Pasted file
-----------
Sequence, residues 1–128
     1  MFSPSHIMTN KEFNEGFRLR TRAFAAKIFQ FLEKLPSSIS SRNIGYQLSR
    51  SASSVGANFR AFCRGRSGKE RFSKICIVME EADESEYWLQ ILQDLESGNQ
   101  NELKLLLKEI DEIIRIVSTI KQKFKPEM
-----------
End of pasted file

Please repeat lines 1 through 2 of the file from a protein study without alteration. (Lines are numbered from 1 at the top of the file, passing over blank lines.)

Sequence, residues 1–128
     1  MFSPSHIMTN KEFNEGFRLR TRAFAAKIFQ FLEKLPSSIS SRNIGYQLSR